Q579 Transcript

Transcript prepared by Fielding M. McGehee III. If you use this material, please credit The Jonestown Institute. Thank you.

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To read the Tape Summary, click here. Listen to MP3 (Pt. 1, Pt. 2).

(Several moments of silence)

Part 1:

Jones: (Conversational) I have some information about Peoples Temple that might be of interest to the public. Uh, I uh—

Child: I uh—

Jones: I find— I’ve heard a lot about Peoples Temple’s programs, and they uh, seem to be doing, ah, the good work. However, I hear you have a— (Pause) different point of view. If you (unintelligible word)— ask uh, giving— sharing some of your views for my story.

Male: (Unintelligible word). Who do you write for?

Jones: It’s a good point.

Male: Free lance.

Jones: Well, free-lance writer, but I’ve got an opportunity to getting in— into uh, someplace where there’s no Rolling Stone.

Female: Who is it?

Jones: (Unintelligible word) little chance to get into the Rolling Stone, isn’t it, didn’t you say they were gonna send it to us?

Male: Yeah. Yeah. Who uh—

Jones: Had them even in the McClatchy chain. (Low voice) Actually, I don’t think McClatchy write a damn thing.

Male: How’d you find out about me and—

Jones: (Offhand) Well, I don’t know, you say, (Unintelligible phrase) reporter’s sources. You can say it was very confidential, sir. Um, but uh, it was someone who’s friendly to you, and said you’d befriended them, they were ex-members of the church. (Pause) Said you’d defended some ex-members.

Male: So I wonder (Unintelligible phrase).

Prokes: So, what are we supposed to (Unintelligible word)?

Jones: Well, find out what the fuck he will say to the press. I don’t think he pointed to me last night when we were discussing downstairs, it made me nervous. One thing I thought it lodged in my brain, (Unintelligible phrase), [David] Conn’s still out there. Now, it’s all right if he’s out there fuckin’ around with Biros (phonetic), because Biros— they have to— they don’t uh— they don’t make their determinations through the forum of the press.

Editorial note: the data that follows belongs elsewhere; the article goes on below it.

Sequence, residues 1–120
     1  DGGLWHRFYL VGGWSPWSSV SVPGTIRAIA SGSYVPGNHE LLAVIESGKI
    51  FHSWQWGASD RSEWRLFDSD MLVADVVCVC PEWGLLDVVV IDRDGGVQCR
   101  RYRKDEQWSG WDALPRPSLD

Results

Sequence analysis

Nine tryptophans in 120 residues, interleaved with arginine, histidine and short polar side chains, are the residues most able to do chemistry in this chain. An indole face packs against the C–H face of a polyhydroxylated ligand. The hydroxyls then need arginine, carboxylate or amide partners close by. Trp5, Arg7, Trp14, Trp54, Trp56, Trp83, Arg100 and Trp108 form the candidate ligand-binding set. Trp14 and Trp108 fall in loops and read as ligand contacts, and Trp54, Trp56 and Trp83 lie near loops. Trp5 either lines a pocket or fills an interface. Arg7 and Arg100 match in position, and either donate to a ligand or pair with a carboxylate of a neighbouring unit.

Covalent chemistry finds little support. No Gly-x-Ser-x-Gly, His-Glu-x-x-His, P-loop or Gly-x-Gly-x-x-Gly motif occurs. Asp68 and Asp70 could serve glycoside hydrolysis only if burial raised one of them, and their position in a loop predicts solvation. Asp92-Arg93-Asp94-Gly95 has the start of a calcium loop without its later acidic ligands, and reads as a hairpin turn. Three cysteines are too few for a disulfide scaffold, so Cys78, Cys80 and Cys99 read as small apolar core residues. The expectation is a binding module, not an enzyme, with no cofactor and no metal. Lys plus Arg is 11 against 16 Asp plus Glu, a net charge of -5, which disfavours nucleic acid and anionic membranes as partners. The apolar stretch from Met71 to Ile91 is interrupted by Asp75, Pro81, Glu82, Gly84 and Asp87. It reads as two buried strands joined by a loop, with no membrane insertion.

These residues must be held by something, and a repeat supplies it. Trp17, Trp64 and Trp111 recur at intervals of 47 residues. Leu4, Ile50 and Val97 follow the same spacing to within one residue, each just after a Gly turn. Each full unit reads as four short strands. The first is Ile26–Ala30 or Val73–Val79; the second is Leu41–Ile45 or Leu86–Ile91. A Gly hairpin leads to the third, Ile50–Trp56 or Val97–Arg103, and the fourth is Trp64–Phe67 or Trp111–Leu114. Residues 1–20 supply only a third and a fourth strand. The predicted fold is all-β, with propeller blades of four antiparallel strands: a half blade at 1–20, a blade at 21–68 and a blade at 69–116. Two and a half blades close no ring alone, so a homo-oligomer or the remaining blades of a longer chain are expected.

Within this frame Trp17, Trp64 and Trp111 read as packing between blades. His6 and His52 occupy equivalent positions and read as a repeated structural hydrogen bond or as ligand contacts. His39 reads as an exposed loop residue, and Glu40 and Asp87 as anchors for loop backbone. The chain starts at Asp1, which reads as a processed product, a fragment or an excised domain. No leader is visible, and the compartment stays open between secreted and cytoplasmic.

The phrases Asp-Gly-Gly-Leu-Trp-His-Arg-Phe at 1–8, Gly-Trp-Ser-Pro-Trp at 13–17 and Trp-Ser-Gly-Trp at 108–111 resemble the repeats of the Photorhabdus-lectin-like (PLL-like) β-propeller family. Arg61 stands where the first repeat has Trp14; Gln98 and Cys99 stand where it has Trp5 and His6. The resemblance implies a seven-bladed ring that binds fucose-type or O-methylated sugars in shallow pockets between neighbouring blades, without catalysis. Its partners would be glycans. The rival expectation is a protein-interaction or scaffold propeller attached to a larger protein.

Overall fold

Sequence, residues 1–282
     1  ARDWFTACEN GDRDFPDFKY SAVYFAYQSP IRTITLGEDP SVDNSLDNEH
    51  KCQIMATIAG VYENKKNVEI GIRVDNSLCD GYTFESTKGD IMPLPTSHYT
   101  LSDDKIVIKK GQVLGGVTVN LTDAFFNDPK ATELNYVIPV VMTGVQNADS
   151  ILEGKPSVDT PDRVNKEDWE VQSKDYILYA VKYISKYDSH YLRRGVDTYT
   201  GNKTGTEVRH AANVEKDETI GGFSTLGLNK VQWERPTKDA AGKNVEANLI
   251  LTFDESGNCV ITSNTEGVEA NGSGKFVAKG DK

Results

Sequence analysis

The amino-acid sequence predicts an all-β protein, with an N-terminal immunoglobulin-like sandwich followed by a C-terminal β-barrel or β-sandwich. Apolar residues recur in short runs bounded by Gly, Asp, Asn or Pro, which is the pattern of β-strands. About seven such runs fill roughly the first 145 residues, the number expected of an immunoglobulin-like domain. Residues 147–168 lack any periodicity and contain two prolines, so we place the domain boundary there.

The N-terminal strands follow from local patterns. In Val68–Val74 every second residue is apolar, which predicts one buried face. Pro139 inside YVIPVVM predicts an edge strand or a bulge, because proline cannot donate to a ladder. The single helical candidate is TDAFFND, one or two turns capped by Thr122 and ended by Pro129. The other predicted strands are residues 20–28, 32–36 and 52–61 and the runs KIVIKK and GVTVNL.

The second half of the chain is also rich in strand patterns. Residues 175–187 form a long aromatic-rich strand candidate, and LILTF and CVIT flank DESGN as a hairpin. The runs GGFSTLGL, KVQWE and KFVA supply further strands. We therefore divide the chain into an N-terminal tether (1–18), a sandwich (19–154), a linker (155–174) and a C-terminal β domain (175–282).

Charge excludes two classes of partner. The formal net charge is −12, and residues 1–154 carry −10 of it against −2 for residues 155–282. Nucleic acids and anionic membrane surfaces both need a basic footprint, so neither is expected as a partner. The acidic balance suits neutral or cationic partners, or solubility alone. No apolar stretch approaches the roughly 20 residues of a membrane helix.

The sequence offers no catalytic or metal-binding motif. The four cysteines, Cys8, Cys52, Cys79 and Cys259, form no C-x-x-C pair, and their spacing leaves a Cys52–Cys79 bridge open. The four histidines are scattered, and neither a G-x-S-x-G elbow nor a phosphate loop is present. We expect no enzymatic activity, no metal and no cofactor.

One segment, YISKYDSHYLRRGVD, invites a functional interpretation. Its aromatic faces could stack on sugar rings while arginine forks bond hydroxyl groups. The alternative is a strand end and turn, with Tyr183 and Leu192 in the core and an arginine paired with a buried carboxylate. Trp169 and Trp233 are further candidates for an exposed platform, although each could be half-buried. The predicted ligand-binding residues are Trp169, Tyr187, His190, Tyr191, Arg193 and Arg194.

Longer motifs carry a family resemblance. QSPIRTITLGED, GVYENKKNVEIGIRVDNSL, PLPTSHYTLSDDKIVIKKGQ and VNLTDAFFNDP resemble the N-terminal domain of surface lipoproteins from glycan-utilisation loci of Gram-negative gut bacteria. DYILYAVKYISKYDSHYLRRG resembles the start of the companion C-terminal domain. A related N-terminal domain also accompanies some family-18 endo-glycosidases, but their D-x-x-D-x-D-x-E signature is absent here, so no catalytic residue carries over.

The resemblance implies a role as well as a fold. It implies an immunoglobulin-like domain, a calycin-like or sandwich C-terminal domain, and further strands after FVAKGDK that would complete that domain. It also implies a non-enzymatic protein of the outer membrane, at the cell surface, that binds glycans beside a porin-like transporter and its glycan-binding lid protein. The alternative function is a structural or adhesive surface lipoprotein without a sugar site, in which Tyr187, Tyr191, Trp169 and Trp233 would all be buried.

Prokes: Right.

Jones: But if the fucker gets really bizarre with this impassioned hatred, I was talking to newsmen like a magpie, we got us some problems.

Marceline: What have we heard from him, where is he?

Male: Somebody’s got his address. That’s all.

Part 2:

Recording: —Office, office will be open Monday morning at 8 A.M. If you’d like to activate the (Unintelligible name— Stapleton?) — the address is, Post Office Box 53757, Admiral, 28305. Or if you’d like to leave a message, you may do so at the sound of the tone. Thank you for calling.

(Balance of side one is blank)

End of side one

Side two

Part 3:

Unidentified Male: Who is it? Whose letter? Who is it?

Another male: (Unintelligible)

Prokes: (on phone) Uh, what letter did they print?

Male: Huh? (Pause)

Prokes: What was it in regards to, do you remember?

Male: To a column somebody (Unintelligible word). Oh, it was in the Sentinel, that’s where I read it. That’s right.

Prokes: The Sentinel?

Male: Yeah.

Prokes: (Undertone) The Sentinel. Is that right?

Male: ‘S a gay paper, that’s—

Prokes: Oh—

Male: —yeah.

Prokes: Oh yeah. Yeah, yeah, yeah, they uh, had us in this column as a— what the heck they call us— something—

Male: Well, they’re supported fascists or someone—

Prokes: Yeah. It was absurd.

Male: Yeah.

Prokes: Is— is— they had two columns, one says “On the Right,” and the other says “On the Left.”

Male: Yeah.

Prokes: One week they had us as fascists, I guess, on the right, and then the next week, they praised us (laughs) in the column that said “On the Left.”

Male: “On the Left,” yeah.

(Both laugh over each other)

Male: All in the point of view—

Prokes: The ve— The very next week.

Male: It’s all in the point of view. (Laughs)

Prokes: That’s too much. Well, that— that says something, I guess.

Male: Yeah.

Prokes: Well, okay, I won’t take—

Male: Okay. See you soon.

Prokes: Thanks.

Male: Take care. Don’t work too hard.

Prokes: Oh. You too. Bye.

Part 4: Phone conversation between Mike Prokes and Mr. James

Prokes: Mr. James?

James: Yeah.

Prokes: This is Mike Prokes. I’m an associate minister to Reverend Jim Jones.

James: Right.

Prokes: Can I help you?